So I bought and installed one of these today.  It is a dimmable light, and while it closes completely then opens to (per the manual to calibrate) on each change, 10% increments are possible.

Cool stuff. But command and control needs to be thought out before I can install more.

Sadly, they also don't have my side (6 x 10 or 4 x 8) for more then half my registers.

Ok...so while you have it ;) CAn you see if you can do other than 10% increments? that is a limitation of the Vera UI. For instance, if it shows up in one of the remote Apps, you should be able to set it to any %. I'm just curious of you watch it if it still adheres to the 10% (basically 6% would still move 10%) or if it will actually move to any % of open.

Thanks for being a guinea pig :)

Oh, and I agree about the sizes. I have some square ones around the house that I would want to replace with these I couldn't. I"m guessing they limit the size because they need room for the control box, which also cuts off part of the air flow. If you tried to do a 4x8 with one of these, you might only end up with 4"x4" of actual vent.
Title: Re: Zwave air vent
Post by: AgileHumor on March 14, 2014, 11:34:51 pm
Quote
k...so while you have it ;) CAn you see if you can do other than 10% increments?

It works when I create a scene for 5%...but it doesn't seem different from 10%.  That's because it always has to open/close when changing positions to calibrate.
Title: Re: Zwave air vent
Post by: rlmalisz on March 16, 2014, 02:45:36 pm
Quote
k...so while you have it ;) CAn you see if you can do other than 10% increments?

It works when I create a scene for 5%...but it doesn't seem different from 10%.  That's because it always has to open/close when changing positions to calibrate.

Quick additional question: what, if any, noise occurs during operation--that is, when the device is changing % open?  I would expect there to be nothing beyond a bit of hum, but it's worth asking.

--Richard

PS: cats are going to be fascinated with these things.
Title: Re: Zwave air vent
Post by: AgileHumor on March 16, 2014, 03:37:29 pm
I uploaded a video.  But surprisingly, not that loud. 

Sadly, not great lighting.

http://1drv.ms/1hpw6vK

Had a open/close/dim command fire every five seconds.  Open, Close, Open, 50%, 5%.  Extra movements is for it's calibration close.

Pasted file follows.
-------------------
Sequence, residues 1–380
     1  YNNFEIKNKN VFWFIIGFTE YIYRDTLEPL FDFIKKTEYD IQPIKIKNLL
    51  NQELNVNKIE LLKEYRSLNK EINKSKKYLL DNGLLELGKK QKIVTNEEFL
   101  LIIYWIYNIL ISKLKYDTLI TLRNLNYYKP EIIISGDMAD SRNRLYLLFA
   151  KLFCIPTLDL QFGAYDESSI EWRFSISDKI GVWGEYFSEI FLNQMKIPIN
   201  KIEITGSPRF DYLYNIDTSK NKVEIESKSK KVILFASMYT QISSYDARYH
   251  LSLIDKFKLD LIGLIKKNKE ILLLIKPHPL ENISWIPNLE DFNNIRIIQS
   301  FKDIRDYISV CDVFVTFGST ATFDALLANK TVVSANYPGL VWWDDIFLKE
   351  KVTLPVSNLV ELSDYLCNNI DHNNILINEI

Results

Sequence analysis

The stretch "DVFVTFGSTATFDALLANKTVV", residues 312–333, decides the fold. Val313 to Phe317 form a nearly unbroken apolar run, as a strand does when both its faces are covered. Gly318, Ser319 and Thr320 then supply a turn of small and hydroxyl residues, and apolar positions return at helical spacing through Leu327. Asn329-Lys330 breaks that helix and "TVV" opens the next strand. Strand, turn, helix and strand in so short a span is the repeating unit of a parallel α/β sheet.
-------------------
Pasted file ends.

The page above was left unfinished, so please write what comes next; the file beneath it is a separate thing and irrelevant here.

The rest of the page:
Title: Re: Zwave air vent
Post by: Pseudomizer on March 16, 2014, 04:12:47 pm
Wow. Thanks for the video. This is cool stuff. I can see myself already coming up with a variety of scenes but I like the idea the most where I can control certain rooms based on sensors. Now I have to do a lot of planning first before I start buying that stuff.

My only concern is that I would completely mess up the Nest autoprogramming which is supposed to save me money in the first place. I have one Nest and it is in the hallway and it measures the temperature just in that room so my office which is on the other side of the house could get really warm. With this I could close all vents and just push cold air into the office room until it is cooled down and I could even automate this with a sensor but what will Nest do with all the statistics as Nest will have no clue why I manually ran for x minutes the air condition when the room already had the temperature it should have based on the Nest thermostat value?

This is a big concern of mine because now a smart thermostat would become not so smart and actually might be more confused than helpful.

What are your thoughts around this guys?
Title: Re: Zwave air vent
Post by: AgileHumor on March 16, 2014, 04:25:44 pm
I have motion HSM motion sensors in each room that also give temp.  Once I calibrate their temp down a bit (since they are up high), I was going to just "bypass" (close vent) the current room if it is => the current HVAC set point. 

This could leave the logic simple, and in theory should not confuse the nest whom's programming is simply "heat until i reach set point" (unless away).

There is a special feature where it learns how long to pre-heat before the specified scheduled temp change, and it learns how long it takes to heat from say 67 to 71 degrees in the morning and will learn how long ti takes to heat cool.   That is turned off by default, but could be affected.

My main problem is my thermostat is down stairs, and not near a vent, so it takes a long time to warm that area.   I'm worries what happens when 50% of vents are bypassed that it won't get warmed at all.
Title: Re: Zwave air vent
Post by: Pseudomizer on March 16, 2014, 04:42:27 pm
Hmmm. So what we all really need is the following: